Collins and Murkowski will decide whether to support Trump's choice partly based on where the judge stands on Roe v. Wade. 

  •  A man bearing an upside down American flag watches as protesters gather outside the U.S. Supreme Court as the court issued an immigration ruling June 26, 2018 in Washington, DC.

    The conservative majority has seen a nearly unbroken string of victories, USA Today reports.

  • Supreme Court Chief Justice John Roberts.

    The debate over what constitutes a reasonable expectation of privacy is shifting because today’s technology puts so much personal data in one place. 

  • *Conservative Roberts, all liberal justices join 5-4 ruling. WASHINGTON, June 22- The U.S. Supreme Court on Friday imposed limits on the ability of police to obtain cellphone data pinpointing the past location of criminal suspects in a major victory for digital privacy advocates and a setback for law enforcement authorities. In the ruling written by...

  • *Conservative Roberts, all liberal justices join 5-4 ruling. WASHINGTON, June 22- The U.S. Supreme Court on Friday imposed limits on the ability of police to obtain cellphone data pinpointing the past location of criminal suspects in a major victory for digital privacy advocates and a setback for law enforcement authorities. In the ruling written by...

  • WASHINGTON, June 22- The U.S. Supreme Court on Friday imposed limits on the ability of police to obtain cellphone data pinpointing the past location of criminal suspects in a major victory for digital privacy advocates and a setback for law enforcement authorities. In the 5-4 ruling, the court said police generally need a court-approved warrant to get access to...

  • WASHINGTON, June 22- The U.S. Supreme Court on Friday imposed limits on the ability of police to obtain cellphone data pinpointing the past location of criminal suspects in a victory for digital privacy advocates and a setback for law enforcement authorities. In the ruling written by conservative Chief Justice John Roberts, the court decided in favor of...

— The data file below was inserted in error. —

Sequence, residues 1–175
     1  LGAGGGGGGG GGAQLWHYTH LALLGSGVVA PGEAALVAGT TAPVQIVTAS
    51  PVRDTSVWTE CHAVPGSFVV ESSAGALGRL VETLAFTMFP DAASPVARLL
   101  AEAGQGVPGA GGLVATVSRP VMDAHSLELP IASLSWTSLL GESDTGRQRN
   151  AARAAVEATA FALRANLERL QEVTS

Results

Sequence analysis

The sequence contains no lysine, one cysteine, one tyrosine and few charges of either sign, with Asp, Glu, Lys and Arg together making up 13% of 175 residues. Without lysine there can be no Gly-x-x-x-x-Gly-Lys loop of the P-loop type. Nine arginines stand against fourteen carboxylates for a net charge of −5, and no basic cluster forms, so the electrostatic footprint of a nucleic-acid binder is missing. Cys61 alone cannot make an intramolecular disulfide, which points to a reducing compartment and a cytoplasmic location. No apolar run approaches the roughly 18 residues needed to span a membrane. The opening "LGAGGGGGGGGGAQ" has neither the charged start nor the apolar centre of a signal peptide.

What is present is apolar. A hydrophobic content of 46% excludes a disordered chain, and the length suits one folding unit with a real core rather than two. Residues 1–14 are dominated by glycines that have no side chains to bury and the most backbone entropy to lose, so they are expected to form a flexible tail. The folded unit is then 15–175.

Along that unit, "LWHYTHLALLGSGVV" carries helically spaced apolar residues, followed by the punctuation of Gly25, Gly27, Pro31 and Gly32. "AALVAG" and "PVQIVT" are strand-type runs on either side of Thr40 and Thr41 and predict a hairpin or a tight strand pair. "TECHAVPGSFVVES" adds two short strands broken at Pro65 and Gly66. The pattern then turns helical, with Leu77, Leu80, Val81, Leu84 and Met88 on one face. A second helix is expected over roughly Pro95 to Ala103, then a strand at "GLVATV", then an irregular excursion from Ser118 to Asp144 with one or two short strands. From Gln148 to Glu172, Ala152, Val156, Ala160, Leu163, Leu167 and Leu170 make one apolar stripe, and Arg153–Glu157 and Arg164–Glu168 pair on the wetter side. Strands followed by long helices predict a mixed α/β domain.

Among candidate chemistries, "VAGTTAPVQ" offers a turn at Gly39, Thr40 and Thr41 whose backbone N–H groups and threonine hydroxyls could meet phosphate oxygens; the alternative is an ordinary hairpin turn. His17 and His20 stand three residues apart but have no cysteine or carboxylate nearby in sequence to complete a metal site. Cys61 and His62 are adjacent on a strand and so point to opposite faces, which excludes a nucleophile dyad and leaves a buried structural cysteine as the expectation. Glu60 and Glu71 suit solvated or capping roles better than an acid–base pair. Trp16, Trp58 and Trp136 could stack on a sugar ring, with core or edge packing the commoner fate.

• WASHINGTON, June 22- The U.S. Supreme Court on Friday imposed limits on the ability of police to obtain cellphone data pinpointing the past location of criminal suspects in a victory for digital privacy advocates and a setback for law enforcement authorities. In the ruling written by conservative Chief Justice John Roberts, the court decided in favor of...

  • *Court upholds South Dakota law, other states could follow. In a 5-4 ruling reviving a South Dakota law challenged by Wayfair Inc, Overstock.com Inc and Newegg Inc, the justices overturned a 1992 high court precedent that had barred states from requiring businesses with no "physical presence" there, like out-of-state online retailers, to collect sales taxes.

  • Journalists use umbrellas against the sun outside the U.S. Supreme Court on a day where the court handed a victory to Wisconsin Republicans who drew state electoral districts that helped entrench their party in power, but sidestepped a major ruling on whether parties have carte blanche to engage in the practice called partisan gerrymandering in Washington, June 18, 2018.

    Although SCOTUS sidestepped a potentially historic voting rights ruling on Monday, the issue could return as soon as next term, USA Today reports.

  • The U.S. Supreme Court in Washington, D.C.

    President Donald Trump is set to attend the U.S. Supreme Court on Thursday for the investiture of new Justice Neil Gorsuch.